At Stem Wine Bar, the newest East Cobb spot by Seed Kitchen & Bar owner and executive chef Doug Turbush, mystery is the name of the game. Opening in mid-July, Stem will follow in the style of New York speakeasies: It won’t have a sign and will only be identifiable by its location (1311 Johnson Ferry Road, adjacent to Seed) and a single corkscrew on the door.
Once inside, however, it will function like the modern wine bar, with small production wines from North America and Europe (led by general manager and sommelier Jason Raymond, cocktails created by bar manager Chris McNeill) and food pairings designed by Turbush and chef de cuisine Brendan Keenan. Wine classes and wine dinners are in the works, too. Below, Turbush shares details on the menu and more—including the reason he chose that speakeasy style.
Why did you decide to open Stem?
The obvious first is wine consumption and production in the U.S. is on the rise. Secondly, my team and I share a genuine passion for wine—and pairing food and wine—so it was a logical next concept for us to explore. The real estate was just sitting there empty and we knew that going right next door for our first concept outside of Seed made a lot of sense.
Why keep it clandestine?
East Cobb has really embraced Seed. We are so grateful for that and thought it would be fun for [residents] to have a place they could discover. I love that about speakeasies in New York and other big cities. Why not have fun with it in the “’burbs”? There are people still discovering Seed in the back of the Merchant’s Walk parking lot, so word of mouth has been our most powerful tool so far.
What will the decor look like? What’s the feel of the place?
Ai3 designed the space. We set out to create what we thought a modern wine bar should feel like: rich wood, marble, burgundies, purples, and a lot of stems hanging from the bar.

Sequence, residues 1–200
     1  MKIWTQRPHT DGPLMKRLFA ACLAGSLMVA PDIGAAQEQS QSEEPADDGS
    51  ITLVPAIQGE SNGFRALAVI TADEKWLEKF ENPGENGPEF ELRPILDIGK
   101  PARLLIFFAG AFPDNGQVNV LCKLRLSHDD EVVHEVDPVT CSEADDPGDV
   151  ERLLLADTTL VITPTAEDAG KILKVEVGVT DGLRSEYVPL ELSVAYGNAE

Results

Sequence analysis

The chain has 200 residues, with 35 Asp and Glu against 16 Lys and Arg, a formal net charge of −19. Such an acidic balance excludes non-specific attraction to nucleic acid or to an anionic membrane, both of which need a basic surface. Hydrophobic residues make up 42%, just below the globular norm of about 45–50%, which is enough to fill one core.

Which cocktails are you most excited about? What menu items are you looking forward to?
We will have four main wine-driven cocktails called the American, the French, the Italian and the Spanish cocktail. All will change every few months but the names will remain and they each will be influenced by their namesake origin.
The menu is still changing daily, but I am really into the chorizo-stuffed medjool dates wrapped with bacon, the duck confit salad with roasted grapes and pecorino toscano, and our modern version of patatas bravas. Plus, we are excited about the local charcuterie and artisan cheeses that will be on the menu.
Tell us about the wine list. What makes it special?
The wine list at Stem will include wines from four regions: North America, France, Italy, and Spain. The wines will be mostly small production and limited to little or no retail presence giving us exclusivity on quite a few. Of the sixty to seventy wines on the list, more than forty will be by the glass.
Value is the most important aspect of the wine list with markups on most wines only once and some less, compared to other places that mark up three and four times their cost. Our philosophy at Stem, much like Seed, is that the more obscure the wine may seem, the less we charge. We want our guests to feel good about taking a chance on a wine they may not have tried if it were $3 to $4 higher for a glass. It’s not always about what they drink at Stem; it’s about what they’ve learned and can take away when they buy wine for friends or drink at their house. That’s where the true reward happens for us.
We will provide knowledgeable and unpretentious service to the budding wine lover and will also have the ability to cater to the wine-savvy guest. Everyone working at Stem is certified at some level whether it be through CSW [Certified Specialist of Wine] or the Court of Master Sommeliers.